Elections

The Only Middle Finger Available

If Donald Trump wins a second term, it will be an unmistakable countercultural statement in a year when progressives have otherwise worked their will across the culture. After months and months of statues toppling and riots in American cities and a crime wave and woke virtue-signaling from professional sports ... Read More
Elections

The Only Middle Finger Available

If Donald Trump wins a second term, it will be an unmistakable countercultural statement in a year when progressives have otherwise worked their will across the culture. After months and months of statues toppling and riots in American cities and a crime wave and woke virtue-signaling from professional sports ... Read More

The Pollster Who Thinks Trump Is Ahead

The polling aggregator on the website RealClearPolitics shows the margin in polls led by Joe Biden in a blue font and the ones led by Donald Trump in red. For a while, the battleground states have tended to be uniformly blue, except for polls conducted by the Trafalgar Group. If you are a firm believer only in ... Read More

The Pollster Who Thinks Trump Is Ahead

The polling aggregator on the website RealClearPolitics shows the margin in polls led by Joe Biden in a blue font and the ones led by Donald Trump in red. For a while, the battleground states have tended to be uniformly blue, except for polls conducted by the Trafalgar Group. If you are a firm believer only in ... Read More
Law & the Courts

Some Counterfactual Thinking

Election Day is one week away. Can you believe it? On the menu today: contemplating what would be different, and what would be the same, if Ruth Bader Ginsburg had retired in 2013 instead of staying on the Court until her death earlier this year; a couple of flubbed words on the campaign trail; yes, people really ... Read More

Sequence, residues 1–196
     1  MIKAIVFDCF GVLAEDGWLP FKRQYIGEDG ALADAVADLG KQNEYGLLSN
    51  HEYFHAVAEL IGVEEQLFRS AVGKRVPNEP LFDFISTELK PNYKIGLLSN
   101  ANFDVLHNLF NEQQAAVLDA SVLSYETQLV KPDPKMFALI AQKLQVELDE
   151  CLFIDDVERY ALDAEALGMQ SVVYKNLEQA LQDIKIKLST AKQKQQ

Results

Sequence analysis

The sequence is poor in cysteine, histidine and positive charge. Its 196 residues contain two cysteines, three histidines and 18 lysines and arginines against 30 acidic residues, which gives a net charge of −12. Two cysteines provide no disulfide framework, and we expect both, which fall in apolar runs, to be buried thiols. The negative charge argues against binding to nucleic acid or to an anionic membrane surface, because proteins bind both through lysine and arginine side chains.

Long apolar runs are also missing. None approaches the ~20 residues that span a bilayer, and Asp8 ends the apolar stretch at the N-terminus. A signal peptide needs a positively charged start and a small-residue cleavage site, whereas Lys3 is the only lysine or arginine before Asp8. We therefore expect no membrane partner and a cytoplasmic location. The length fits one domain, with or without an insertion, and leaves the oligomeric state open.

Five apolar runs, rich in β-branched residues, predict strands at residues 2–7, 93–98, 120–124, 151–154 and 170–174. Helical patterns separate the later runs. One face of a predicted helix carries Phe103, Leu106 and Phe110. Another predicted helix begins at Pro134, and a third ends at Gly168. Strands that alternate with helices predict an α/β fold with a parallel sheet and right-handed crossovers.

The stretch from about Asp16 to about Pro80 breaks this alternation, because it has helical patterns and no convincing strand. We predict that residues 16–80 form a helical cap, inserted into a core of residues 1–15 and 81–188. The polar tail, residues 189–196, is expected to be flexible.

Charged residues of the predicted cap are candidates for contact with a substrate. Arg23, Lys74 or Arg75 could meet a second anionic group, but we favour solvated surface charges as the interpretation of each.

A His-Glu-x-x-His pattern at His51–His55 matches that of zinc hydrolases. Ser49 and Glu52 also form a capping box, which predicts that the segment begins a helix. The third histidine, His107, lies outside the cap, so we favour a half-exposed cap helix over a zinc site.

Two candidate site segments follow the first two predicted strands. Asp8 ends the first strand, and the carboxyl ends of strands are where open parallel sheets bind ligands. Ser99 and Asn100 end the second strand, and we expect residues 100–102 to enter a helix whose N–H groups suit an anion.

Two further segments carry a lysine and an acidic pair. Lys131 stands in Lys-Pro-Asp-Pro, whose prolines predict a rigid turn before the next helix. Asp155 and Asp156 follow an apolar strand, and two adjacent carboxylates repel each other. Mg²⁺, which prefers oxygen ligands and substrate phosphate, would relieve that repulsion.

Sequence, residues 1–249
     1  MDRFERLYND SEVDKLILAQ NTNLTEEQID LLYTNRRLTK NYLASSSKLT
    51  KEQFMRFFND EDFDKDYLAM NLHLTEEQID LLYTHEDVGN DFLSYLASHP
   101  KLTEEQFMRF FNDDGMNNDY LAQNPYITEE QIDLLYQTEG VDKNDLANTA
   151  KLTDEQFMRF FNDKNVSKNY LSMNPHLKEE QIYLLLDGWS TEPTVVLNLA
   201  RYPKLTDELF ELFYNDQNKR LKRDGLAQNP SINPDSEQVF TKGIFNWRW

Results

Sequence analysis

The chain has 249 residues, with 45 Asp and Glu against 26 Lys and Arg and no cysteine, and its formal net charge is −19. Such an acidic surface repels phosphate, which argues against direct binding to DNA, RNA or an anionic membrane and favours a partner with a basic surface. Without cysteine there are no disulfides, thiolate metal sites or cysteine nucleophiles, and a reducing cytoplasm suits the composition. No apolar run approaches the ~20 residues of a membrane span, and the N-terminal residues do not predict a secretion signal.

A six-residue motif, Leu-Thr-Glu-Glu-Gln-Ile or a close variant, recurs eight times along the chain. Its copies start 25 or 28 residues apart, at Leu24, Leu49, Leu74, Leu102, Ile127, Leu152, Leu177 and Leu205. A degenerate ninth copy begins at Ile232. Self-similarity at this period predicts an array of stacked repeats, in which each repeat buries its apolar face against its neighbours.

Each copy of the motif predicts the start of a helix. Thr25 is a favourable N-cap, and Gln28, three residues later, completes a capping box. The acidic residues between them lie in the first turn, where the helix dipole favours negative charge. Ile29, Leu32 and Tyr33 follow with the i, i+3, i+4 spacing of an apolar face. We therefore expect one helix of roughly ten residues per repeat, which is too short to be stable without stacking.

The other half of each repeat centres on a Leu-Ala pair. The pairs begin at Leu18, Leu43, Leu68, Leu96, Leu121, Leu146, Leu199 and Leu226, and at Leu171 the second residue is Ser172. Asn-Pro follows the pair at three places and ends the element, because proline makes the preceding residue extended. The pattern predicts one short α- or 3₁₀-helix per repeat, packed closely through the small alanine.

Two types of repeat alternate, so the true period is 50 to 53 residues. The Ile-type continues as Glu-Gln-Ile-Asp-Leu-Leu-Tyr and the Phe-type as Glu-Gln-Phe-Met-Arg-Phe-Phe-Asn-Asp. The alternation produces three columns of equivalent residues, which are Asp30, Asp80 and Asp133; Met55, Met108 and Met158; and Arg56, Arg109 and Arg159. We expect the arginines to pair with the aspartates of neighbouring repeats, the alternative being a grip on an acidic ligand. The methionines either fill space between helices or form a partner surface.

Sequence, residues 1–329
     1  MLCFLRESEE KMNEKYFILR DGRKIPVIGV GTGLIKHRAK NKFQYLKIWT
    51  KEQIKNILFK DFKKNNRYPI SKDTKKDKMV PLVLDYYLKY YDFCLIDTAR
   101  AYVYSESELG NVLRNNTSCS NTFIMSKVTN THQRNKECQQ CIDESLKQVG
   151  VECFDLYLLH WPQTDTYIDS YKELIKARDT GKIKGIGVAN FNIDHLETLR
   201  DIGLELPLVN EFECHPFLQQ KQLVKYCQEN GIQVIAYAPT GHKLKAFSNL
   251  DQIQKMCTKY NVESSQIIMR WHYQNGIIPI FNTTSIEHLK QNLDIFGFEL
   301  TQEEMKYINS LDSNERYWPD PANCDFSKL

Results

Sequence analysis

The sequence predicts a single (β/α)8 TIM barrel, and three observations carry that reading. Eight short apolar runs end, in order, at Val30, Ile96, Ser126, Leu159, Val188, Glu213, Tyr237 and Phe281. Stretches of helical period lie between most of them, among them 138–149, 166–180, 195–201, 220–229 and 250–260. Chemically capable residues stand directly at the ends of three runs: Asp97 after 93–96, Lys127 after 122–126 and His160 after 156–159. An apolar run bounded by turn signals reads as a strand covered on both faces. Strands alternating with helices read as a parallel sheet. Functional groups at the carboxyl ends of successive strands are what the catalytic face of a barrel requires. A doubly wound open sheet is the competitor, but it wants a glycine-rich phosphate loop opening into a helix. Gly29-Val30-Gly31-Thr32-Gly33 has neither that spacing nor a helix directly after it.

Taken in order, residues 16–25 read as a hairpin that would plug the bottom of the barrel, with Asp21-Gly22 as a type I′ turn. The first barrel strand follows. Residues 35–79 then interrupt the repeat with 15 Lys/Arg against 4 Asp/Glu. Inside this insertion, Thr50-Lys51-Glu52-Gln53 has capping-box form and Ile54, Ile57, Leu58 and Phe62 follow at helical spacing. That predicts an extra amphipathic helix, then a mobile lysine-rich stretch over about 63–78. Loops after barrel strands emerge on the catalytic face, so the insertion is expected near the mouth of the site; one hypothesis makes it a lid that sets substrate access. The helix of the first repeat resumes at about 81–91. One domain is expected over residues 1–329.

Law & the Courts

Some Counterfactual Thinking

Election Day is one week away. Can you believe it? On the menu today: contemplating what would be different, and what would be the same, if Ruth Bader Ginsburg had retired in 2013 instead of staying on the Court until her death earlier this year; a couple of flubbed words on the campaign trail; yes, people really ... Read More
Law & the Courts

Whose Seat?

Amy Coney Barrett is confirmed. And I think there are two little things to say about it. The first is that we very likely have in Barrett the true successor to Antonin Scalia on the Court. Barrett clerked for Scalia and her articulation of his philosophy is probably the most faithful on the court. Justices ... Read More
Law & the Courts

Whose Seat?

Amy Coney Barrett is confirmed. And I think there are two little things to say about it. The first is that we very likely have in Barrett the true successor to Antonin Scalia on the Court. Barrett clerked for Scalia and her articulation of his philosophy is probably the most faithful on the court. Justices ... Read More